RV Lifestyle Fellow Travelers know how great RVing is, but there is one aspect of it that can be a major pain: traffic. 

I’m talking specifically about city traffic, the worst kind of all. It can be incredibly frustrating to know you are crawling along in a place that is a relatively short distance from open road. 

I’d love to know what our Fellow Travelers consider the most congested highway are out there. I suspect I’ll understandably get feedback based on whatever traffic you might be stuck in at any given moment. 

But if you’re looking for something more “official”  connected car services company INRIX of Kirkland, Washington has you covered. 

That’s because the company puts out an annual Global Traffic Scorecard based on a comprehensive study of congestion and mobility trends among more than 200 cities in nearly 40 nations. (Forbes helped sort out the data here.)

Based on its criteria, here are the eight most congested U.S. highways, starting with No. 8:

8. I-278 in New York City

Also known as the Brooklyn Queens Expressway and frequently shortened to the BQE, prepare to spend a lot of time staring at some of the more nondescript sections of Brooklyn, with a few glimpses of Queens from above. A few short sections afford a nice view of the Manhattan skyline and chances are you’ll be in them long enough that you can take a picture or two, but the novelty wears off quick and it’s back to staring at the bumper of the car in front of you.

7. I-93 in Boston

A New England intra-regional Interstate, Interstate 93 serves the Boston metro area, northern Massachusetts through Lawrence, the state of New Hampshire, and the Northeast Kingdom of Vermont. The freeway provides a direct connection to Canada in conjunction with Interstate 91 north of St. Johnsbury, Vermont. Built as part of the Big Dig project, the Thomas P. O’Neill, Jr. Tunnel carries 1.5 miles of Interstate 93 below central Boston. The tunnel runs between Kneeland and Causeway Streets to directly link I-93 with the 2003-opened Leonard P. Zakim Bunker Hill Bridge. There’s a lot of history connected with this stretch of highway but for purposes of RVing, all you need to know is that for a little more than 11 miles, you can often count on gridlock and a slow trip out of the city.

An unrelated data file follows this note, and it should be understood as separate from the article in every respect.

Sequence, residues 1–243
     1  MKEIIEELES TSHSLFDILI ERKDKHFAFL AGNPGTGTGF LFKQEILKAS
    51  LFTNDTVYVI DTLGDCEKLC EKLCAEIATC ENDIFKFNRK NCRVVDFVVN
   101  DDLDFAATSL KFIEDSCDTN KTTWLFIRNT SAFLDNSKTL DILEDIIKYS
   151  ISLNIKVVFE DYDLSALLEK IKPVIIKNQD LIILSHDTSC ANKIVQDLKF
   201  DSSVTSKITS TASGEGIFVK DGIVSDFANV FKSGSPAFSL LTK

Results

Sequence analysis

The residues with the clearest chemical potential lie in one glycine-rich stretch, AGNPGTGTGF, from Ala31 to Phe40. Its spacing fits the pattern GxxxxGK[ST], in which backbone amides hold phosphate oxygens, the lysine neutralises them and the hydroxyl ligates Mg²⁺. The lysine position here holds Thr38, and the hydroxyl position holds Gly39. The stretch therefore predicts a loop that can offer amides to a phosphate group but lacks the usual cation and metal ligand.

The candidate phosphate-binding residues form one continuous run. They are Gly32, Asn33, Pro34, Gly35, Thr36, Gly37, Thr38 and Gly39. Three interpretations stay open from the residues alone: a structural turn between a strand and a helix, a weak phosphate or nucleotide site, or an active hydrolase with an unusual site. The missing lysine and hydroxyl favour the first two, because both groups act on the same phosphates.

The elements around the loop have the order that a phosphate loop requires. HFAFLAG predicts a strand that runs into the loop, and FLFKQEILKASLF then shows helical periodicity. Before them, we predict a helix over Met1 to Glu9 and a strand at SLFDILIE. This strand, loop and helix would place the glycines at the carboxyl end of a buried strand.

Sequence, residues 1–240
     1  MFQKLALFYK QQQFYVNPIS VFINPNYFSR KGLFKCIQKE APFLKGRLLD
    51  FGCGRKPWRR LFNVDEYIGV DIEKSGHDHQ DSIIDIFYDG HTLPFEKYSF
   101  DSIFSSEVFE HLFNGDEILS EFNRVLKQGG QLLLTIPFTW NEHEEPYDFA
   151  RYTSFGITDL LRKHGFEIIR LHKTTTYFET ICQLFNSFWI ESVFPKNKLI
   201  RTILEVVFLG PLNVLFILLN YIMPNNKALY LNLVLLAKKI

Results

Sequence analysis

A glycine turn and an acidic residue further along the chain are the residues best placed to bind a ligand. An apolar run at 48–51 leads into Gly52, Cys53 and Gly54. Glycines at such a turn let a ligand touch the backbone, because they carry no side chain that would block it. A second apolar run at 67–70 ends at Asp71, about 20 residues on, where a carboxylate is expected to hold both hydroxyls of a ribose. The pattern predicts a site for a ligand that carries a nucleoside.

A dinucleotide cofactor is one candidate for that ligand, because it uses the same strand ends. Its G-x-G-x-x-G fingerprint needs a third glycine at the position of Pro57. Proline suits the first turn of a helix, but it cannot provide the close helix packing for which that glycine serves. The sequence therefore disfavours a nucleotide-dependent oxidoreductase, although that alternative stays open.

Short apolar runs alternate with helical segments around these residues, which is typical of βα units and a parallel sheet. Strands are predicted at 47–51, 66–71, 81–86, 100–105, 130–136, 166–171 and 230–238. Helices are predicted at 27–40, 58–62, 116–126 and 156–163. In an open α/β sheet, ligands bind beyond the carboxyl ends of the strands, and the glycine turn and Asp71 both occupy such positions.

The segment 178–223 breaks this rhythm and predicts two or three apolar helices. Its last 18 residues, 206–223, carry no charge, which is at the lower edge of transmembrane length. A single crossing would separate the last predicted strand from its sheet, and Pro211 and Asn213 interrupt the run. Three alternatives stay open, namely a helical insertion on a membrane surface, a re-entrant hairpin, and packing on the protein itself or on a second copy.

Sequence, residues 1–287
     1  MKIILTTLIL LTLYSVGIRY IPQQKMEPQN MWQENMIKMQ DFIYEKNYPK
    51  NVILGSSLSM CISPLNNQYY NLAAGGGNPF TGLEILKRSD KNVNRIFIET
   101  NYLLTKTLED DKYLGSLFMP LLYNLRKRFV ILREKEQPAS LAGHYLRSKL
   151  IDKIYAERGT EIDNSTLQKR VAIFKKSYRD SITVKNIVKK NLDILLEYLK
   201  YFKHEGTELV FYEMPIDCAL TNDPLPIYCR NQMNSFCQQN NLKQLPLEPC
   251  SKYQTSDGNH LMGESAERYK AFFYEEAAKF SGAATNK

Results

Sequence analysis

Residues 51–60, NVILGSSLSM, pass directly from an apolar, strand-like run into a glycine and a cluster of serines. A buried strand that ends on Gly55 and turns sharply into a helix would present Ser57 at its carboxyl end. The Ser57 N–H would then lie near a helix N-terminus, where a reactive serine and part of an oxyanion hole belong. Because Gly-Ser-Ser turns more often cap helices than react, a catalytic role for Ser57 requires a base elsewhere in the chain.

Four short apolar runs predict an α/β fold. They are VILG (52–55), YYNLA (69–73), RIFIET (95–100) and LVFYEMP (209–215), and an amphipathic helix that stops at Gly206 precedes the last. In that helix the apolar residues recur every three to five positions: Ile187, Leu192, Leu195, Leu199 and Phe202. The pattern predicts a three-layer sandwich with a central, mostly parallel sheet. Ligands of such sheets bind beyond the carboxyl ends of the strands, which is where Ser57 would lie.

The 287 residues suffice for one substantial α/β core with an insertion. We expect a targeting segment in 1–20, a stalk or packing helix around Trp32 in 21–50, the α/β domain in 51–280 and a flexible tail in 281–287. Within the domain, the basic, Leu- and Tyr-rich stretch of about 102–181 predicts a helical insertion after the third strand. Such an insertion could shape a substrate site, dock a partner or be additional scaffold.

6. I-76 in Philadelphia

Philadelphia’s in a similar boat as Boston when it comes to design. The streets wind back on themselves, don’t go by numbers or any easy-to-decipher pattern. There’s a nice long stretch of I-76 (the Schuylkill Expressway) that goes from Conshohocken to almost the center of the city, where — if you try to drive your RV at the right/wrong time — you can expect to spend a significant portion of your life. 

5. I-376 in Pittsburgh

Sources say Pittsburgh drivers have an almost “cultish” devotion to their city’s traffic, bordering a weird kind of pride. Pittsburgh commuters “enjoy” an inordinate amount of traffic, they’re intensely aware they sit in an inordinate amount of traffic, and they’re desperate not to sit in so much traffic. Yet, according to TravelTrivia.com, “you get the sense that if the city’s traffic issues were solved tomorrow, there’d be a section of the population who’d get nostalgic for it and say things like, ‘This city’s not what it used to be’ or ‘When I was your age, I’d have to fight through two hours of traffic. Uphill. Both ways.'”

4. I-10 in Los Angeles

Statistically, L.A. traffic doesn’t get any worse than the stretch of I-10 between I-405 and I-110. Anecdotally, however,  traffic is the worst wherever it is people are currently stuck so isn’t all of this a matter of opinion really? (NO! Remember, this is based on actual data and research.)

3. I-290 in Chicago

Chicago accounts for the next two spots on this list. Part of the reason I-94 might contribute to congestion on I-290 is because I-94 is full of people who are confused as to how the road they’re currently on could be I-94 and I-90 at the same time, so they bail onto I-290 and leave the mess of an interstate system that runs through Chicago’s downtown. 

2. I-94/I-90 in Chicago

How can it be a good idea to bring two huge interstate highways into a single road? Answer: It isn’t! No wonder people can’t move. They’re trying to navigate two highways at the same time.

1. Cross Bronx Expressway (part of I-95) in New York City 

So maybe New York City isn’t the best place to try and navigate if you don’t have to, and especially with an RV. The Cross Bronx Expressway is technically part of I-95, but it’s its own monster, often bringing the Bronx to a standstill.

So that’s the list.

Should you find yourself in a situation where you have no choice but to traverse one of these highways, consider checking out the recent RV Lifestyle post about “Getting around big city traffic.” In the post, I offer several ways to help make “big city traffic” less of a nightmare.

Good luck!